Ni2+-Assisted Hydrolysis May Affect the Human Proteome; Filaggrin Degradation Ex Vivo as an Example of Possible Consequences.
Podobas, Ewa Izabela
Front Mol Biosci
Frontiers Media SA
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Podobas, E. I., Gutowska-Owsiak, D., Moretti, S., Poznański, J., Kulińczak, M., Grynberg, M., Gruca, A., et al. (2022). Ni2+-Assisted Hydrolysis May Affect the Human Proteome; Filaggrin Degradation Ex Vivo as an Example of Possible Consequences.. Front Mol Biosci, 9 https://doi.org/10.3389/fmolb.2022.828674
Deficiency in a principal epidermal barrier protein, filaggrin (FLG), is associated with multiple allergic manifestations, including atopic dermatitis and contact allergy to nickel. Toxicity caused by dermal and respiratory exposures of the general population to nickel-containing objects and particles is a deleterious side effect of modern technologies. Its molecular mechanism may include the peptide bond hydrolysis in X1-S/T-c/p-H-c-X2 motifs by released Ni2+ ions. The goal of the study was to analyse the distribution of such cleavable motifs in the human proteome and examine FLG vulnerability of nickel hydrolysis. We performed a general bioinformatic study followed by biochemical and biological analysis of a single case, the FLG protein. FLG model peptides, the recombinant monomer domain human keratinocytes in vitro and human epidermis ex vivo were used. We also investigated if the products of filaggrin Ni2+-hydrolysis affect the activation profile of Langerhans cells. We found X1-S/T-c/p-H-c-X2 motifs in 40% of human proteins, with the highest abundance in those involved in the epidermal barrier function, including FLG. We confirmed the hydrolytic vulnerability and pH-dependent Ni2+-assisted cleavage of FLG-derived peptides and FLG monomer, using in vitro cell culture and ex-vivo epidermal sheets; the hydrolysis contributed to the pronounced reduction in FLG in all of the models studied. We also postulated that Ni-hydrolysis might dysregulate important immune responses. Ni2+-assisted cleavage of barrier proteins, including FLG, may contribute to clinical disease associated with nickel exposure.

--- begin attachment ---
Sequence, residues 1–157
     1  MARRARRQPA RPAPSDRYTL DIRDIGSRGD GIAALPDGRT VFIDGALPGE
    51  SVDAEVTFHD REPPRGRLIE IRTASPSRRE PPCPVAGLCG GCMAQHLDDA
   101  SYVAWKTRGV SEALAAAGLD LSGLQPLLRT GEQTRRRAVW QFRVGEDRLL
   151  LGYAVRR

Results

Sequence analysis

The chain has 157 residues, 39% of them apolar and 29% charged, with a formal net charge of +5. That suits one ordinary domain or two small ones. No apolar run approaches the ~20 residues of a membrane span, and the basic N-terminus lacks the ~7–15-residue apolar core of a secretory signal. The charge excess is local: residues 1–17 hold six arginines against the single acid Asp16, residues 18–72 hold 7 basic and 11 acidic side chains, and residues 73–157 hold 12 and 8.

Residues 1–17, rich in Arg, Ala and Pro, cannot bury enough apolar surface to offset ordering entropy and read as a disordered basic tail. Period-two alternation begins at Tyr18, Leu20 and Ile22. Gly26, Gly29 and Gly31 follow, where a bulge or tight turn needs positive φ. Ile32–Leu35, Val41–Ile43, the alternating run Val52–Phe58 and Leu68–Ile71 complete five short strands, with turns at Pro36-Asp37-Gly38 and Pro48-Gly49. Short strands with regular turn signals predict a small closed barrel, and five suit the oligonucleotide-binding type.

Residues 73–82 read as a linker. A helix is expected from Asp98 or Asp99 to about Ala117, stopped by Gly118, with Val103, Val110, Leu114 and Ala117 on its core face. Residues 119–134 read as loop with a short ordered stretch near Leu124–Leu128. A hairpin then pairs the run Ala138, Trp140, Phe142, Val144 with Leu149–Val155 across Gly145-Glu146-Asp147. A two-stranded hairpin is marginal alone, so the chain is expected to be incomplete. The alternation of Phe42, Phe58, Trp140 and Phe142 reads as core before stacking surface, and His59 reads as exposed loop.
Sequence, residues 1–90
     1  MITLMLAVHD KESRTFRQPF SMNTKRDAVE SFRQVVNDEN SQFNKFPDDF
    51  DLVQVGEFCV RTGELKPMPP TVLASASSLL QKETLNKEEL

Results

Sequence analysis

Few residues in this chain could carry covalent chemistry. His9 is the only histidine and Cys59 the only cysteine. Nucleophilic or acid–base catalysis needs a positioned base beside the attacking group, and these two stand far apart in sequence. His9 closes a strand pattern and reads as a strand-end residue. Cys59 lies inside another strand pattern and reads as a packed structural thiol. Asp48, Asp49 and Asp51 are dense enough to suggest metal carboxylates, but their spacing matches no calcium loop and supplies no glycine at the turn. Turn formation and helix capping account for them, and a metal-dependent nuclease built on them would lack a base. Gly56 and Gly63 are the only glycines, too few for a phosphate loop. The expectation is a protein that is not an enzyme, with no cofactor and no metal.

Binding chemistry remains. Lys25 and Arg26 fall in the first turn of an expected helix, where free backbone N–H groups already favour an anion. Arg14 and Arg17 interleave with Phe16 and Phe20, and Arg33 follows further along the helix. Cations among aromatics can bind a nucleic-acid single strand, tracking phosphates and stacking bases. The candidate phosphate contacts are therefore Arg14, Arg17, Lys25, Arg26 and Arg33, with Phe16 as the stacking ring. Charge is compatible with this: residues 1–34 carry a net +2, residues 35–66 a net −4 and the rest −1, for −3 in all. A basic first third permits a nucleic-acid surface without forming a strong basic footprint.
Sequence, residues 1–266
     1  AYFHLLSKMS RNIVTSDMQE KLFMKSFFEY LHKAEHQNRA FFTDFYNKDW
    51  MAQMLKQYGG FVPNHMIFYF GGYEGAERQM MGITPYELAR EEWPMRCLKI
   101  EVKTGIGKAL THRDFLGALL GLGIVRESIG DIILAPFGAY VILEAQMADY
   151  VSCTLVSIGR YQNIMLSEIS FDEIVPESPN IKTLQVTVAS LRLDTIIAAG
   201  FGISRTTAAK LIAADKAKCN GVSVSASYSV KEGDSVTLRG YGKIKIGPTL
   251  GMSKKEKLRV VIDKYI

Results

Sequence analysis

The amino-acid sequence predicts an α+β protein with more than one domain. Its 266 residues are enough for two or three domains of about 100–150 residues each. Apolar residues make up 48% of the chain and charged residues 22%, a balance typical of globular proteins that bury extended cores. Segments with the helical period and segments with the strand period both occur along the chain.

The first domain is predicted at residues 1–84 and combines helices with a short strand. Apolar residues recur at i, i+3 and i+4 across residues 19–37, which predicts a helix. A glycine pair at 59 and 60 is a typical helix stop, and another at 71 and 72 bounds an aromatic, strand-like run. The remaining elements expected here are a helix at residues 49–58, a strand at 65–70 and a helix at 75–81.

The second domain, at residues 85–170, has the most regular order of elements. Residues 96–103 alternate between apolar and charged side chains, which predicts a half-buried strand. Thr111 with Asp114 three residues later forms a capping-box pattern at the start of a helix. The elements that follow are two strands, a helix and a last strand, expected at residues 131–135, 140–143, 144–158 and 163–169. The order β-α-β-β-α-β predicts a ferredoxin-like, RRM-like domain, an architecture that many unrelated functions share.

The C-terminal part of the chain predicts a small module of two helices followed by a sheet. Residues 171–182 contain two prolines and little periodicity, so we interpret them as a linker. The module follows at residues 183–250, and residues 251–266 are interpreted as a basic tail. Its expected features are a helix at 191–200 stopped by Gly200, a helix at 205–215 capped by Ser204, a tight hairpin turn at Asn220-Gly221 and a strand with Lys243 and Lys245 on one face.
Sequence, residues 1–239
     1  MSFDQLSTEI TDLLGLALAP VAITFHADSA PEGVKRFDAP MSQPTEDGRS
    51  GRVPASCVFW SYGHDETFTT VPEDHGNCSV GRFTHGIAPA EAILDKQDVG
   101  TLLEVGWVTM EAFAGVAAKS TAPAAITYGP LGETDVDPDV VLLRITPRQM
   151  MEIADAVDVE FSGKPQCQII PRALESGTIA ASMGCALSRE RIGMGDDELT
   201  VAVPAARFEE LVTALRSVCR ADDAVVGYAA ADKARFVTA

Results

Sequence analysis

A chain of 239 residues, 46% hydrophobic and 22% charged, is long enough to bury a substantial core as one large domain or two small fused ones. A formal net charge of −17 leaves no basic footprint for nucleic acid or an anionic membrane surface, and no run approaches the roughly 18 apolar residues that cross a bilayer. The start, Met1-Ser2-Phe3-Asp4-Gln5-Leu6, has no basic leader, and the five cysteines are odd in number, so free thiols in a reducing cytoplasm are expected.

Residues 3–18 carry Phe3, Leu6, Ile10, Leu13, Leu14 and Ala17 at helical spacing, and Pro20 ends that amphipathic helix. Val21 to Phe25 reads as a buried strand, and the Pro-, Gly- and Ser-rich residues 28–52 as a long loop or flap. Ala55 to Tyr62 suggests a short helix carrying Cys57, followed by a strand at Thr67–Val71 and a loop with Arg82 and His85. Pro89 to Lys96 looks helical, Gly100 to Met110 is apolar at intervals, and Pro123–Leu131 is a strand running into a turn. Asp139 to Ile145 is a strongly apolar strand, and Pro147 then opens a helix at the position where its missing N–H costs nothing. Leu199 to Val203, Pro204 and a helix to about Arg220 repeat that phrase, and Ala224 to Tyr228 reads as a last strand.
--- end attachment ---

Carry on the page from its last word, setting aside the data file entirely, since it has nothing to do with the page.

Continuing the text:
Molecular Biosciences, filaggrin, human proteome, protein degradation, Ni2+-assisted hydrolysis, nickel toxicity, nickel allergy
External DOI: https://doi.org/10.3389/fmolb.2022.828674
This record's URL: https://www.repository.cam.ac.uk/handle/1810/335467